Could 'love hormone' oxytocin help treat Alzheimer's disease? Here's what researchers currently know
Oxytocin is often called "the love hormone" because of its role in social bonding, reproduction and childbirth. This hormone may also affect our memory—though in ways that aren't completely clear.
Not only has oxytocin been found to cause memory impairment and amnesic effects in humans, it can strengthen or weaken performance on memory tasks depending on the personality of the person tested. Animal studies have also found it to have beneficial effects on memory in some cases.
Interestingly, a post mortem study found that people with Alzheimer's disease had higher levels of oxytocin in memory-related areas of their brain—implying that elevated levels in these areas could cause memory issues. But now, the findings of a recent study in mice suggest that oxytocin could potentially help against factors causing memory issues found in Alzheimer's disease.
In order to see how oxytocin was shown to have this protective effect, it's important to understand one of the mechanisms that causes memory impairment in people with Alzheimer's disease. People with Alzheimer's have an accumulation of a toxic form of a naturally occurring peptide called beta-amyloid in their brain.
In its non-toxic form, beta-amyloid is thought to be involved in the regulation, protection and repair of the central nervous system. But in its toxic form, beta-amyloid groups together in the brain, which can eventually form deposits called plaques in the brain. These plaques may disrupt brain cell function, and may eventually kill neurons, which can lead to memory loss.
Animal and cell-based studies have shown that even short-term exposure to toxic beta-amyloid activates the brain's innate immune system. A misplaced immune response, where the immune system kills its own neurons—as opposed to protecting them—is linked to the development of Alzheimer's disease.
Even short-term exposure to toxic beta-amyloid can also reduce the ability of the brain cells' synapses to be able to change how they communicate and create connections with other cells (an ability brain cells have, known as synaptic plasticity). Synaptic plasticity plays an important role in our ability to learn and remember.
Previous animal studies have found that oxytocin can strengthen social memory and improve spatial memory during motherhood in mice. But, until now, no studies had investigated whether oxytocin could stop toxic beta-amyloid from lowering synaptic plasticity – potentially with beneficial effects for memory in Alzheimer's disease.
Using brain samples from male mice, researchers treated them with toxic beta-amyloid. This was to confirm that the protein does indeed cause the brain's synaptic plasticity to worsen. Then they treated samples with toxic beta-amyloid and oxytocin together. This seemed to stop the toxic beta-amyloid from negatively affecting synaptic plasticity. But when the samples were treated with oxytocin on its own, they found it had no effect on improving synaptic plasticity.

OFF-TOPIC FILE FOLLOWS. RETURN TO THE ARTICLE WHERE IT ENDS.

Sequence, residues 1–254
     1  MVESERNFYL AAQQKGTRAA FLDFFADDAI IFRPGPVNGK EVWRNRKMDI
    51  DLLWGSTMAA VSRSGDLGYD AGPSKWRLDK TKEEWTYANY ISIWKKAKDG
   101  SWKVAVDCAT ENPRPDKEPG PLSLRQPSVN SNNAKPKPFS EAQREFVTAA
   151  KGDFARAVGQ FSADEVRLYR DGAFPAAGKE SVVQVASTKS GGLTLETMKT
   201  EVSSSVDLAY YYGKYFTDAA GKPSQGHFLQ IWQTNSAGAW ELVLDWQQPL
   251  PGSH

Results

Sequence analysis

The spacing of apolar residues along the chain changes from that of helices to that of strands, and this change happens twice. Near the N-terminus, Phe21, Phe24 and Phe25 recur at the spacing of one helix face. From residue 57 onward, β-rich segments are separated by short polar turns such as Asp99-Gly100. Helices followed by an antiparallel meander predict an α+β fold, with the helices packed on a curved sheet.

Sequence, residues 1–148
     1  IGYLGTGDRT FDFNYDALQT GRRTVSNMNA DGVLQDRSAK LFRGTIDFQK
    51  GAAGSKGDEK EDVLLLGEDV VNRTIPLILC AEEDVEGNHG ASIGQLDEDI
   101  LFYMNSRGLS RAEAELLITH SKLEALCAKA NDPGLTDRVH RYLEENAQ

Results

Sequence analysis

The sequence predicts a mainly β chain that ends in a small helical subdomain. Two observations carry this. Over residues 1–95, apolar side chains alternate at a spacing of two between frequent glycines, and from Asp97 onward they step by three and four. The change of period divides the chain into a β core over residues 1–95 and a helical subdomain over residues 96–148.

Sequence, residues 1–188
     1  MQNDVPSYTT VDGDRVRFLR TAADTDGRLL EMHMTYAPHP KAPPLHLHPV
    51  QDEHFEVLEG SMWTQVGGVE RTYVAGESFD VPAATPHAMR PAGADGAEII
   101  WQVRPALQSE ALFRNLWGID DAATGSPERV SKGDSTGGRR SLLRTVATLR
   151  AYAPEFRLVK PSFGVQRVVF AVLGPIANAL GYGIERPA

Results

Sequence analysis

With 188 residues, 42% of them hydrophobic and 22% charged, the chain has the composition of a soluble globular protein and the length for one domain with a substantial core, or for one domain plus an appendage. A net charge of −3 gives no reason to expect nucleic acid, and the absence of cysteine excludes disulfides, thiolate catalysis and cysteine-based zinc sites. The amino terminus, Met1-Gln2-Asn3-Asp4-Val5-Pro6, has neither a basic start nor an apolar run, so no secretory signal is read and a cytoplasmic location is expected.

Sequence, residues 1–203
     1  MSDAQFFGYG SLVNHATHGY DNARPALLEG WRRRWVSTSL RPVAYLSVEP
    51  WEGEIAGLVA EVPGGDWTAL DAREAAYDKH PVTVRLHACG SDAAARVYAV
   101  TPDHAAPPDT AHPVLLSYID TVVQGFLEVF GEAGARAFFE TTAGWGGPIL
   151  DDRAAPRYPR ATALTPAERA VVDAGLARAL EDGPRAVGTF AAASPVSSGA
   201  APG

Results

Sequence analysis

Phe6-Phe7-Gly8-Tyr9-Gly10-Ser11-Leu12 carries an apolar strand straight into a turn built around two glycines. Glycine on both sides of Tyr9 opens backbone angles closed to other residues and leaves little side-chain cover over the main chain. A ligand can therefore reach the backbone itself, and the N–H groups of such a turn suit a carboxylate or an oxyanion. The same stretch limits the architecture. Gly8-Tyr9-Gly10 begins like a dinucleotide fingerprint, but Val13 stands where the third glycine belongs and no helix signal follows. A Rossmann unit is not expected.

The researchers concluded that oxytocin might be a future treatment for memory loss associated with cognitive disorders, such as Alzheimer's disease. This is an interesting finding, though the evidence is not yet strong enough to suggest that oxytocin can prevent or reverse cognitive issues from Alzheimer's, for a number of reasons.
In theory, being able to stop groups of toxic beta-amyloid from forming could potentially prevent memory loss and cognitive decline. Unfortunately, Alzheimer's disease is way more complicated than just an accumulation of beta-amyloid in the brain.
Indeed, hallmarks of Alzheimer's disease, such as beta-amyloid aggregates, have been found in the brains of people who don't have Alzheimer's or dementia symptoms and do not develop symptoms during their lifetime. This alone shows the disease is extremely complex.
Additionally, all attempts to create a medication that targets toxic beta-amyloid have ended in failure. Even a recent promising study was halted at the late stages of clinical trials due to the drug's inability to stop cognitive decline.
There are also sex differences found in Alzheimer's disease. For example, women have a greater risk of developing Alzheimer's disease. Differences in the severity of some symptoms, including memory issues have also been reported, with women having better verbal memory. This may cause issues in diagnosing the disease.
Last but not least, animals and humans also have different physiology and responses to Alzheimer's disease. No animal model used for studying Alzheimer's disease has perfectly replicated the symptoms of the disease as seen in humans. This mean positive results seen in the mice during this study may not be replicated in humans because of these physiological differences.
Nevertheless, this study explores how something already in our bodies might have the power to interfere with one factor that can cause Alzheimer's. These results should be treated with caution for now. As mentioned before, oxytocin might negatively interfere with memory formation in humans, and the consequences that might have in Alzheimer's disease patients has not been studied. But if the results of the recent study can be replicated in humans—and show similar positive changes—it could be very promising for treatment of some of the symptoms of Alzheimer's disease.